End-of-life doulas fill an emotional gap between doctors, family and attitudes about dying.
By Kim Ode
[W]e should be better at dying.
That sounds judgmental, but it’s more akin to wishful thinking.
While death is a certainty, it’s rarely a goal, so we tend to resist, to worry, to grasp at new treatments or old beliefs.
But the emerging death doula movement offers another option: We can’t change the destination, but we can improve the journey.
The term doula is more linked to childbirth, describing someone present during labor to help a mother feel safe and comfortable. There’s no medical role; doulas are companions and listeners. They attend.
End-of-life doulas, also called death doulas or death midwives, similarly are attuned to a dying person’s emotional needs.
“It’s about filling a gap that the system doesn’t acknowledge,” said Christy Marek, an end-of-life doula from Lakeville. “The system is designed to tend the body. But when you get into the lonely feelings, the mess of real life, the expectations and beliefs around dying — those things don’t fit into the existing system.”
In some ways, death doulas signal a return to earlier times, when ailing parents lived with children, when life-extending options were fewer.
“Death was more of a ritual, really laboring with someone as they were dying,” said Jeri Glatter, vice president of the International End of Life Doula Association (INELDA) in New Jersey.
Family and friends “felt a sense of acceptance and completion and a knowledge that they had fully honored someone,” she said. “It’s the most loving act that they could do.”
Over time, though, “we became a very medicated society — and thank God for that. I don’t want to diminish that,” Glatter said. But medical options can create a sense of disconnect with our inevitable mortality. When those options are exhausted, “we say we’ll house them, make sure they have medication and have a bed that goes up and down.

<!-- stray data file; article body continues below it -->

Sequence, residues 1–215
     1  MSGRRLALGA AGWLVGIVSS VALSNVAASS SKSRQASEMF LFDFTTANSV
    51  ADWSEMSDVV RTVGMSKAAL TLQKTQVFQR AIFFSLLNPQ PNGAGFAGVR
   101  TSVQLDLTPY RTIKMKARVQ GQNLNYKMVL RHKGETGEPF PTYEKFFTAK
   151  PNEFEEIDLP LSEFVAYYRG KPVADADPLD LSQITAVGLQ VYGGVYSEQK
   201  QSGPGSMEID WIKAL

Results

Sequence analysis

“But people are saying, ‘I don’t feel OK about this.’ ”
Marek is the first end-of-life doula in Minnesota certified by INELDA, credited with creating the first death doula program for hospitals and hospices in 2003. It offered its first public training in 2015; last year, 700 people attended 18 sessions. Several other groups in Minnesota and elsewhere offer training and doula directories.
Glatter said the trend has roots with those who used birth doulas in the 1980s.
“These people now are burying their parents. Just as with birth, as we labor into the world fully engaged in that process, they’re saying, ‘I want to be fully engaged in this process.’ Doulas are the bookends of life.”
How can we do this together?
What does it mean to be fully engaged? Whatever the dying person wants it to mean.
“Is the person having their own experience, instead of trying to meet the expectations of the family?” Marek asked. “I’m there to create a space for the person who is dying to ask, ‘How can we do this together?’ ”
One woman, for example, asked Marek to tell everyone that she wanted acknowledgment — a greeting — each time someone entered her room, “even though it may look like she’s sleeping.”